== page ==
Abandoned Wig
Hi, I'm Martin.
I work on the Web Platform at Igalia.

Looking back at the WebKit GTK hackfest

23 January 2010
In December, I attended the WebKit GTK hackfest which has been summed up nicely in many other places. Some of the things I worked on (apart from getting my luggage):

With the closing of 20736 WebKit GTK should now properly support windows with RGBA colormaps. This means that WebKit GTK can now be used to create nice desktop widgets or non-rectangular applications without worrying about BadMatch errors. Surprisingly non-rectangular windows is one of the most requested features for Titanium and we now support it on OS X, Linux and Windows via the transparent-background property in tiapp.xml.

The first big part of my clipboard / drag-and-drop reorganization also landed. Once I get the remaining patches together, DOM DataTransfer access to WebKit GTK clipboard and drag-and-drop data will work properly. With luck one day you'll be able to drop your photos and videos onto your web browser and have them upload seamlessly.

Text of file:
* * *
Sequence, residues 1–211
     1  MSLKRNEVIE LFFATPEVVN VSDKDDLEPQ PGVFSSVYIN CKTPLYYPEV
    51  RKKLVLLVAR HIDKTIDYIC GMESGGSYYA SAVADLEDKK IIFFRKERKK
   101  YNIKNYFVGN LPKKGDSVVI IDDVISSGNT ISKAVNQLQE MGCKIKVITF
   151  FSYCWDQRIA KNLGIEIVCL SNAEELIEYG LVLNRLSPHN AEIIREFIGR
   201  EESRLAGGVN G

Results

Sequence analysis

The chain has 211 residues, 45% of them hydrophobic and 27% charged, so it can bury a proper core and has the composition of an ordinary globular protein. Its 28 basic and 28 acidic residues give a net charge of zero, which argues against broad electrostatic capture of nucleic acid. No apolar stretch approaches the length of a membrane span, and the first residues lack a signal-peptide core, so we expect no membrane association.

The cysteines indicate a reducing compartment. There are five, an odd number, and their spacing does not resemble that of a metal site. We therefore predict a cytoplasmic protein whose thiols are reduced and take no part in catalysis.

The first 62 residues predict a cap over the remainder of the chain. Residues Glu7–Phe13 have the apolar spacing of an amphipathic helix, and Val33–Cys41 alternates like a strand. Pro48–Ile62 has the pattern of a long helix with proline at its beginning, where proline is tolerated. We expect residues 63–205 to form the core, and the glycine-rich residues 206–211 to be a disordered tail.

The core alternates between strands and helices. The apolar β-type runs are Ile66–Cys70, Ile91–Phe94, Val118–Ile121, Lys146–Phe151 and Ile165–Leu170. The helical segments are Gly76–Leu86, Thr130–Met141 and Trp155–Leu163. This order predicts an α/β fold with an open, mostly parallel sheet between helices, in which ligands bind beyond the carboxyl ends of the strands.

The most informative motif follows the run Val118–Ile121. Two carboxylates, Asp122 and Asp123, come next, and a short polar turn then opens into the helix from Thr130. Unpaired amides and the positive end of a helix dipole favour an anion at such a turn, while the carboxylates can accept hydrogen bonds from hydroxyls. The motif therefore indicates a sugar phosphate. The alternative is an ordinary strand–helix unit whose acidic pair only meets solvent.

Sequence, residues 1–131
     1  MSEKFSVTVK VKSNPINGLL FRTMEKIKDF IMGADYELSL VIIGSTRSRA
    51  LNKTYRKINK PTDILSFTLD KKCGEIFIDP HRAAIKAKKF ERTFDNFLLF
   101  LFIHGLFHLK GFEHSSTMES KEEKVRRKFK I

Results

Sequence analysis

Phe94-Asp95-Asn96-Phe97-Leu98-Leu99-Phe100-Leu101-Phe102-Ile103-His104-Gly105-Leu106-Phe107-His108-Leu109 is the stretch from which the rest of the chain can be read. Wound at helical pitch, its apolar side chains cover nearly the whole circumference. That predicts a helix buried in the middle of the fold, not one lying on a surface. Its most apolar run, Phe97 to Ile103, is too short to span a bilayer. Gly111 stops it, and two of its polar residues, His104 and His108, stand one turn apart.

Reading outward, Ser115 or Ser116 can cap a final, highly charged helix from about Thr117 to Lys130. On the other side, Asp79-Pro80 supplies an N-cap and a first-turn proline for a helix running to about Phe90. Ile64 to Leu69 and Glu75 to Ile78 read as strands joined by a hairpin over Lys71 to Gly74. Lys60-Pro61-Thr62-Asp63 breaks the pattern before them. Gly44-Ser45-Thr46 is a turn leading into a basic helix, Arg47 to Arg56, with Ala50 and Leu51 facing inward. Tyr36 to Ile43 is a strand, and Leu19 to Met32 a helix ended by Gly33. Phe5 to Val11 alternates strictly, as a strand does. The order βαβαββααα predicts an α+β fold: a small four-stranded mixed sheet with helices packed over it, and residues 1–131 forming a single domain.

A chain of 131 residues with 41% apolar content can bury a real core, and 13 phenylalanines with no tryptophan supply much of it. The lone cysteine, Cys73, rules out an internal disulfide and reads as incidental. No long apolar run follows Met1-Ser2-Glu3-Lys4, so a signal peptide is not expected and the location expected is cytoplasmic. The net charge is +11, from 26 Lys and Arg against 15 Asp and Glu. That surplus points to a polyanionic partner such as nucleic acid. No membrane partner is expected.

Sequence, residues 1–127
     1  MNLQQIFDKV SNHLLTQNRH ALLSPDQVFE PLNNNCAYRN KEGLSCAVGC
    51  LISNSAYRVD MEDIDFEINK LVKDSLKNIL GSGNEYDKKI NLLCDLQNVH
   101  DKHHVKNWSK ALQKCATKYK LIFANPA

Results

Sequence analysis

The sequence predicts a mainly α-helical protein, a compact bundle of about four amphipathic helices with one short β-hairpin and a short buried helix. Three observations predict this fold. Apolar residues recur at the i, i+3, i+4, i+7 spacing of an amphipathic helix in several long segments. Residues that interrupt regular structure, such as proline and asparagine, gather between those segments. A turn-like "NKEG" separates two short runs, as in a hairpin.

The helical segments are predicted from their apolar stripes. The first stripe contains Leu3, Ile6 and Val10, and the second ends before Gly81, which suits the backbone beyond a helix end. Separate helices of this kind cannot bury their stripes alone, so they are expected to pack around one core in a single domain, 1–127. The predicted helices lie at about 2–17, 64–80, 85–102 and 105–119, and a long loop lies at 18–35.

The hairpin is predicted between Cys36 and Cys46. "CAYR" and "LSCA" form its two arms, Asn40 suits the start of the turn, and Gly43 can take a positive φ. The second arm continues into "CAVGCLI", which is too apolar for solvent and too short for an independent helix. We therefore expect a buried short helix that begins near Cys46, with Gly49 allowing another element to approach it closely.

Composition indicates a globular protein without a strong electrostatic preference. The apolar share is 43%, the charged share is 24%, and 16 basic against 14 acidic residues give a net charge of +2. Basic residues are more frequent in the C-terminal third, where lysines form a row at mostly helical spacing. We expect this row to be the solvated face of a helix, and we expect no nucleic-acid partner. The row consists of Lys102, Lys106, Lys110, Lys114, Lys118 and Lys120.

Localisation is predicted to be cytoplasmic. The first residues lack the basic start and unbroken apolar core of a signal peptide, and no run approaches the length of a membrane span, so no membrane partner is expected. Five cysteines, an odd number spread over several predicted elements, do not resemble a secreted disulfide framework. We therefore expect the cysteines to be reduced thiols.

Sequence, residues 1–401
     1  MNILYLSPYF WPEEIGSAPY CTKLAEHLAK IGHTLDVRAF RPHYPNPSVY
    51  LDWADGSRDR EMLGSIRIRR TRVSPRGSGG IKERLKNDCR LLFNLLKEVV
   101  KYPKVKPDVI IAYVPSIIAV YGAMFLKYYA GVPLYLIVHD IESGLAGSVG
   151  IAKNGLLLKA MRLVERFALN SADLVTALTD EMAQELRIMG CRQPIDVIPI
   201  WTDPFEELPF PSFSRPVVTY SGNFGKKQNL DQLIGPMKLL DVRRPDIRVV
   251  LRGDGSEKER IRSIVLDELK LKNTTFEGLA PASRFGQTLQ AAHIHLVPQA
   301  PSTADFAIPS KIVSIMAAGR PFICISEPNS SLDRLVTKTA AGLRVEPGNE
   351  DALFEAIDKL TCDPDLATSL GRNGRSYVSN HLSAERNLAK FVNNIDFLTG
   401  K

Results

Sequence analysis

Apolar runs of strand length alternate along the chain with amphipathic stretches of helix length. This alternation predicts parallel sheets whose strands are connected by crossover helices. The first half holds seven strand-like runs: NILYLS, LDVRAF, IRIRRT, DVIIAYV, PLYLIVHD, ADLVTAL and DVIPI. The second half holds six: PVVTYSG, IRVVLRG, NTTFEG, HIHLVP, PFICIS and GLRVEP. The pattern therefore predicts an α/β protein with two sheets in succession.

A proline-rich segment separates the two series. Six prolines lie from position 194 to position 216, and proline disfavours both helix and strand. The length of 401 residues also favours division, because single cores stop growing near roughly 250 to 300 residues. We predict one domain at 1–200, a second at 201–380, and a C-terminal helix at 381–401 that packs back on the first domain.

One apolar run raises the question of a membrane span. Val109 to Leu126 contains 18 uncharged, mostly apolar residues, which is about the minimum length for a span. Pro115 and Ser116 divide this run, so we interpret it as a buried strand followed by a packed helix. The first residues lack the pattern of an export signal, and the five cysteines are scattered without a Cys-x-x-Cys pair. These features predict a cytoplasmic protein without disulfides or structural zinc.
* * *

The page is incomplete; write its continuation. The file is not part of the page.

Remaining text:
The hackfest itself was in A Coruña, a picturesque Galician city right on the coast of the Atlantic (which I managed to call the Pacific once, against all odds). I also had a rather abrupt introduction to the bounty of European languages — Spain has four recognized regional languages apart from Spanish (Castilian).

Xan and me, probably trying to convince him that drag-and-drop is the future.

On a personal note, the hackfest solidified my love for open source software. I want to keep doing this, however possible. Evan Martin made a really good point about open source at some point during the hackfest. He said that people sometimes think that being open source means that you can simply host an archive of your source code somewhere. There is more to it though, including having an open and active community and understanding and responding to your users. Some of this is just good software development practice, but being open source requires doing even more work to open the development process.

One important aspect of this work is having community discussions and allowing the community to help make decisions. One look at the WebKit development mailing list shows this working. There are many interests tied up with WebKit and some of them are direct competitors, yet somehow they manage to coordinate development on a humongous project. LWN.net recently posted a great article related to this topic, which I think exemplifies what not to do.